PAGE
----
A bidirectional communication exists between cells and their immediate surroundings that ensures the survival of cells and is an essential factor for both normal and pathophysiological circumstances. Traditionally, such crosstalk was believed to occur via the release of soluble cellular factors (i.e., chemokines, cytokines, and growth factors) [1–3] or via direct cell-cell contact; however, involvement of the extracellular vesicle (EV) in cellular communication has changed the notion over the past decade [4, 5]. Various eukaryotic cell types secrete these EVs in vitro, and their presence has been reported in a variety of body fluids including blood, bile, milk, and urine as well as in fecal matter . A number of factors can induce the release of EVs, i.e., change in pH, stress, damage, irradiation, lack of oxygen, exposure to complement proteins, and also as a result of cell activation (i.e., platelet activation) [7, 8]. Secretion of EVs by plants and numerous pathogens including bacteria, Archaea, mycobacteria, and fungi is suggestive of an efficient evolutionarily conserved intercellular communication mechanism [9, 10].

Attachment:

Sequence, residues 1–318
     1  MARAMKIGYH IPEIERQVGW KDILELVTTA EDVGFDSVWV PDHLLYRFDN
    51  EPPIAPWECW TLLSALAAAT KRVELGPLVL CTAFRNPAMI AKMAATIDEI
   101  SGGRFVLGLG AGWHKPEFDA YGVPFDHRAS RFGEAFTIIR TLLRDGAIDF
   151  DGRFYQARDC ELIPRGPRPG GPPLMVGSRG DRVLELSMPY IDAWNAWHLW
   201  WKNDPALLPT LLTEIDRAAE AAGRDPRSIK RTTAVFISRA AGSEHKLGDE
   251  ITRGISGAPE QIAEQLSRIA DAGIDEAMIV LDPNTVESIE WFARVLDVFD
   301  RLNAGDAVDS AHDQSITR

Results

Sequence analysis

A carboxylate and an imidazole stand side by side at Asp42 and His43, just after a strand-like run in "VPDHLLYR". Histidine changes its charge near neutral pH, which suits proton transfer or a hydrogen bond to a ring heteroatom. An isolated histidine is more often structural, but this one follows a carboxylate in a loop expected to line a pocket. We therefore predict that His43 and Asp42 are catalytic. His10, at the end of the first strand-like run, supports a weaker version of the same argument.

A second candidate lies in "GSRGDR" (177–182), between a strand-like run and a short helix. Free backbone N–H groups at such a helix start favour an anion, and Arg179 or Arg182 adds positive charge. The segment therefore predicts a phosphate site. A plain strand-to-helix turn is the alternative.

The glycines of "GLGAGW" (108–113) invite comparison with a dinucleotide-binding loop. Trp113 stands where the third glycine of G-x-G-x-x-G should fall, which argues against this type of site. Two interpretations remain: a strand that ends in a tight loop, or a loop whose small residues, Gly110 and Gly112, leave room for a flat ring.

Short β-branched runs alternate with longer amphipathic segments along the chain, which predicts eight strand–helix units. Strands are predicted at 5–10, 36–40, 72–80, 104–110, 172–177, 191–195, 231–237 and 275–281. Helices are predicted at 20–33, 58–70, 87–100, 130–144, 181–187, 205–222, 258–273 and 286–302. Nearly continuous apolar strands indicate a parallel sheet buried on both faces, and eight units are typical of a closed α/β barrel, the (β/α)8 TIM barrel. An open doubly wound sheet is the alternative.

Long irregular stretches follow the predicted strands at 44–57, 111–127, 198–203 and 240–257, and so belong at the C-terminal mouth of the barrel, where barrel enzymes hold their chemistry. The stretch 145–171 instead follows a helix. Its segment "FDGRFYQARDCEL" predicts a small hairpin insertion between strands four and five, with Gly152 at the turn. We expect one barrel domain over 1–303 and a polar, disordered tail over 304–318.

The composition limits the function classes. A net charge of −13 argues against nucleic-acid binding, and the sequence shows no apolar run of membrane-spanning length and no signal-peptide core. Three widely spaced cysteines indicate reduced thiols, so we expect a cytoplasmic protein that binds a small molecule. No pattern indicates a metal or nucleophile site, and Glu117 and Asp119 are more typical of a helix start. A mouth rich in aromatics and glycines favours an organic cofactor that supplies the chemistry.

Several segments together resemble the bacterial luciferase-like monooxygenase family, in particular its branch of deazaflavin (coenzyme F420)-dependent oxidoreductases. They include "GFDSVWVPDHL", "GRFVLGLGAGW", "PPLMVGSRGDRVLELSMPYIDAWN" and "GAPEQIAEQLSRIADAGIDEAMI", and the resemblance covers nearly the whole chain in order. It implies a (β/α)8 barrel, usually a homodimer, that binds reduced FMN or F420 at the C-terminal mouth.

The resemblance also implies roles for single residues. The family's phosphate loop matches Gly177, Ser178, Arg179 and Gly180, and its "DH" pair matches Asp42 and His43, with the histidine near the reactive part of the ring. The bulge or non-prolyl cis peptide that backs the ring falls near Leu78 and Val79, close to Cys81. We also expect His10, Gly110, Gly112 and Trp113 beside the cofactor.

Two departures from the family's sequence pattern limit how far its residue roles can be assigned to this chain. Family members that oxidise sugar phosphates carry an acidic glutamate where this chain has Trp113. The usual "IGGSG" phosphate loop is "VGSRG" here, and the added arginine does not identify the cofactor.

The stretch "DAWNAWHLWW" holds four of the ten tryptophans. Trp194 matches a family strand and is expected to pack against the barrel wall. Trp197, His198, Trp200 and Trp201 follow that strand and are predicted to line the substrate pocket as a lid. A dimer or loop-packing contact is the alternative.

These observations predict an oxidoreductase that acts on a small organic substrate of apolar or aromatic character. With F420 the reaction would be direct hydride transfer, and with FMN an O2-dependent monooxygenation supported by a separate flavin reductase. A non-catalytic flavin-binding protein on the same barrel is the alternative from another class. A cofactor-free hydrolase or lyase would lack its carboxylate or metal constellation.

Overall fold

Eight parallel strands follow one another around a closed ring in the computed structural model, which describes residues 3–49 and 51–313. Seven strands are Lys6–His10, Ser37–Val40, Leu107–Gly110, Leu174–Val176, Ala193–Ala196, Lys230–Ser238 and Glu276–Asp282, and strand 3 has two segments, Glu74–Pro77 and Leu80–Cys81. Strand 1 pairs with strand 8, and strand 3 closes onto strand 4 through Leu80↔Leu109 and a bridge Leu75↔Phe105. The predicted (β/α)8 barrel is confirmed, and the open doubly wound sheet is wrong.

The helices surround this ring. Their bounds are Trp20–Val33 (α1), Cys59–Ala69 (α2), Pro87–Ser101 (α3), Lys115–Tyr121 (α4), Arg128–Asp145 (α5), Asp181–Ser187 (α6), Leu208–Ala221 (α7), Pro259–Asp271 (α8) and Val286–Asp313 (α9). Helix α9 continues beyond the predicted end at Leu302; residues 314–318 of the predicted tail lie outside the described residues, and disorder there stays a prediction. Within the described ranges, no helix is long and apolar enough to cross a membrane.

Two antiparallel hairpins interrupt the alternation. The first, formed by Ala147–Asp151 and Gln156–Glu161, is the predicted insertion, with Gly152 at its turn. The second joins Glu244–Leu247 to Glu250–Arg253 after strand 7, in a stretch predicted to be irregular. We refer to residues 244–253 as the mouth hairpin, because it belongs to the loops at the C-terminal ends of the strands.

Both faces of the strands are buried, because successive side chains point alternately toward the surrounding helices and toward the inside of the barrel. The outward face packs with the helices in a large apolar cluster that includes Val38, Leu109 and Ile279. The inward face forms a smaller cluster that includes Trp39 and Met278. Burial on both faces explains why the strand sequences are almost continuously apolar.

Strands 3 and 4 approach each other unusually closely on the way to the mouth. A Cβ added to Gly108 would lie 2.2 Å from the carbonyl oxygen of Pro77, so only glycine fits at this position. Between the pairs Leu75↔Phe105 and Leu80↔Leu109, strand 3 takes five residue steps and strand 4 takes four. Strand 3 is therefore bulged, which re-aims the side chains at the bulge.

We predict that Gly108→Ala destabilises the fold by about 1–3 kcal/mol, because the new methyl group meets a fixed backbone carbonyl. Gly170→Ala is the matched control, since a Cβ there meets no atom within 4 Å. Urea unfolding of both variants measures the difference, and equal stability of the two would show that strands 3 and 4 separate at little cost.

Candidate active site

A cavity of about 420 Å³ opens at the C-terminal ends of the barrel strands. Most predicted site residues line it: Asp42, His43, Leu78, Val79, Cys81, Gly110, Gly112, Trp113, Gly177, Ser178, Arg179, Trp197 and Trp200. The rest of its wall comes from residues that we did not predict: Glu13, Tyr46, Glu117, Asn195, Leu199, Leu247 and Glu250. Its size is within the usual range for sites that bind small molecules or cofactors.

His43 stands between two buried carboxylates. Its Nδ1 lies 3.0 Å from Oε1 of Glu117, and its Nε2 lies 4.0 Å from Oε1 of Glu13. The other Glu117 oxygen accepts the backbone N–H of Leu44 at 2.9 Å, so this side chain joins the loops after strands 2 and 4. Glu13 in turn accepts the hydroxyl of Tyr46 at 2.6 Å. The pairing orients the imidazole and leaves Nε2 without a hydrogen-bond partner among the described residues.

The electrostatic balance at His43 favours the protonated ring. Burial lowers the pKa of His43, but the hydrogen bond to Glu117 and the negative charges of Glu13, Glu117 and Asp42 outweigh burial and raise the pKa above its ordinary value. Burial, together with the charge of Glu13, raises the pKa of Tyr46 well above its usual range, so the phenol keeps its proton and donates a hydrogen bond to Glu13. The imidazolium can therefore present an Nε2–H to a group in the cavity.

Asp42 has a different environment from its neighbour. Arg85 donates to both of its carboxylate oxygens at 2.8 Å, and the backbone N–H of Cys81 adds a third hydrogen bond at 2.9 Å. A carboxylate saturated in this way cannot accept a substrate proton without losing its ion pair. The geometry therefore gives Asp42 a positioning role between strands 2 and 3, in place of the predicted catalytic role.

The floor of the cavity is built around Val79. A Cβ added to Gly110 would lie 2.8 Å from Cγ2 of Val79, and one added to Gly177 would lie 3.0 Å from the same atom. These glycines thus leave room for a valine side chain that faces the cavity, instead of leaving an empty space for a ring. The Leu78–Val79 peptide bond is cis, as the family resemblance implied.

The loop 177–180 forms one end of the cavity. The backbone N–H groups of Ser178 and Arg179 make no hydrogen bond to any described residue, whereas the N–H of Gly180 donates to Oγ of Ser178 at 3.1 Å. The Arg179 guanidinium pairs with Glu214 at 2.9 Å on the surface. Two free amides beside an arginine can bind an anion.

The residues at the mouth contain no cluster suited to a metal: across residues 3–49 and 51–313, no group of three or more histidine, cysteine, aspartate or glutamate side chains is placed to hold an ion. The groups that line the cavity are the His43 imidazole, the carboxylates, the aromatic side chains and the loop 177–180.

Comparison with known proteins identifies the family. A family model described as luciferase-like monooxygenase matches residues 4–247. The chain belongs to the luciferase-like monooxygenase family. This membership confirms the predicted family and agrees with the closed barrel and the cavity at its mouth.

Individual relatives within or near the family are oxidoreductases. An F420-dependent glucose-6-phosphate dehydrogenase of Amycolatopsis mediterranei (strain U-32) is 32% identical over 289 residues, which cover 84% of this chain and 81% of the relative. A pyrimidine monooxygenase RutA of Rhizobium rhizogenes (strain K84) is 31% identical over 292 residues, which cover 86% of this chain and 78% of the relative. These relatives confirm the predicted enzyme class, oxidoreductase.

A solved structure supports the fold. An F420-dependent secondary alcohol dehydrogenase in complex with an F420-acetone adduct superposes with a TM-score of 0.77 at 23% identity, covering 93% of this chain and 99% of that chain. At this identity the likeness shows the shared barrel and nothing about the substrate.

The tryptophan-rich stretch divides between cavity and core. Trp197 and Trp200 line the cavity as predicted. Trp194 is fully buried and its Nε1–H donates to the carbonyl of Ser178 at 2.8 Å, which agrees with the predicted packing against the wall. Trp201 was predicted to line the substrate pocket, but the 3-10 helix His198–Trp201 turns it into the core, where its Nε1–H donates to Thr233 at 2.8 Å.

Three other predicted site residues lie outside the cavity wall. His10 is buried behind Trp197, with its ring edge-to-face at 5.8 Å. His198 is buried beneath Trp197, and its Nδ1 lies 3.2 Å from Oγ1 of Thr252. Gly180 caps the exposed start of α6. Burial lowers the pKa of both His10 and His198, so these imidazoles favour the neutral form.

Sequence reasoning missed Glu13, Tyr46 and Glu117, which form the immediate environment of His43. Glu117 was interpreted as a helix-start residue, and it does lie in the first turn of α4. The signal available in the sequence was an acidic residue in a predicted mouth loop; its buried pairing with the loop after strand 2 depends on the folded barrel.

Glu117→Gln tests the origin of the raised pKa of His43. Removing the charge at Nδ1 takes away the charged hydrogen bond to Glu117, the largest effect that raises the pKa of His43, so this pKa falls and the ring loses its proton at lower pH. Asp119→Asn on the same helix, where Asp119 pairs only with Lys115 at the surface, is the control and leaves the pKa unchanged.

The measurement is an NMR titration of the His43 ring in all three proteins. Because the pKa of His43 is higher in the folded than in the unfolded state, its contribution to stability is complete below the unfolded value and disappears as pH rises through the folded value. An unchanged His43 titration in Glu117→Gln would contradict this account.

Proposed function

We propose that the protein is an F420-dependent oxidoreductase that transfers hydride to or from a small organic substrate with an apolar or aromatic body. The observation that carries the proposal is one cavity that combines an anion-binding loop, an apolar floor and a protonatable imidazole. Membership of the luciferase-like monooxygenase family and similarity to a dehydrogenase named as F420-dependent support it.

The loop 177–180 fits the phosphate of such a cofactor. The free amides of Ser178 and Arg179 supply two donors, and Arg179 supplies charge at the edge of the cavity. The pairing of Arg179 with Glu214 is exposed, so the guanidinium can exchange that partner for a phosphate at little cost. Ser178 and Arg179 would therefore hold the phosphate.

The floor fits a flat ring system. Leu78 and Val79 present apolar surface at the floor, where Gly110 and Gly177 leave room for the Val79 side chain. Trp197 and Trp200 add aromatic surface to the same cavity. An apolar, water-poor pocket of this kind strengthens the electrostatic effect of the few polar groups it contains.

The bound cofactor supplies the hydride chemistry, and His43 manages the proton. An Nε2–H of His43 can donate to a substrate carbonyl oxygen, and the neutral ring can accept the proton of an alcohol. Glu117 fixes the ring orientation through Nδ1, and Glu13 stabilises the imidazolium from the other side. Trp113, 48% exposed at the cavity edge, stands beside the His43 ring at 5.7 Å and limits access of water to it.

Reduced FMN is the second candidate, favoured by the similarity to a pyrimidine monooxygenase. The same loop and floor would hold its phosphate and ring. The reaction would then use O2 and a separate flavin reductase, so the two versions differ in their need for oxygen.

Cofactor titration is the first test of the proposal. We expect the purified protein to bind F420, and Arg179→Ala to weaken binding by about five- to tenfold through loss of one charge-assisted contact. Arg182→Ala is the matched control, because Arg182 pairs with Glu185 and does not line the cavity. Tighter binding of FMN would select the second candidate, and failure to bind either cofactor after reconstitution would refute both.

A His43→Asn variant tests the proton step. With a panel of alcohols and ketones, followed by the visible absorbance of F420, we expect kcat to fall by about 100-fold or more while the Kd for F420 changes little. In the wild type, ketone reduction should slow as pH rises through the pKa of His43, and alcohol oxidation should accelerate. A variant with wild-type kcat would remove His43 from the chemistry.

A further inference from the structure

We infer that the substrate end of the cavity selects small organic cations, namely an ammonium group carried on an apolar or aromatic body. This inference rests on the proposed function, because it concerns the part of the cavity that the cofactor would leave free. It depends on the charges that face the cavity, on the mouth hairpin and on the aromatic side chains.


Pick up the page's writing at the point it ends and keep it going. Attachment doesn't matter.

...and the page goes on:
Intercellular communication is an important phenomenon in multicellular organisms and usually mediated via direct contacts between the cells or via transfer of secretory molecules. Some of these secretory molecules are packaged into small lipid bilayer vesicles, known as extracellular vesicles (EVs), identified as a new means of intercellular communication. These EVs are major players in tumor progression and have shown a greater potential in therapeutic applications . These diverse collections of vesicles are secreted by almost every type of cells . Wolf identified these EVs for the first time in 1967 . They successfully isolated minute particulate material from plasma free of platelets via ultracentrifugation. They originally named it as “platelet dust”  which was later on replaced by the currently known term “extracellular vesicles.” Afterward in 1981, cultured normal and neoplastic cells were found to secrete membranous vesicles which were suspected to take part in physiological processes . In the following few years, a similar kind of small vesicles, named “exosomes,” was also found to be produced and secreted by reticulocytes in vitro . Though only a little work was done in the early years following their discovery, recent rediscovery of EVs by cancer scientists has thrown the research into gear, and now, EV study is an exciting and rapidly growing field. The present term “EVs” was assigned by the International Society of Extracellular Vesicles (ISEV).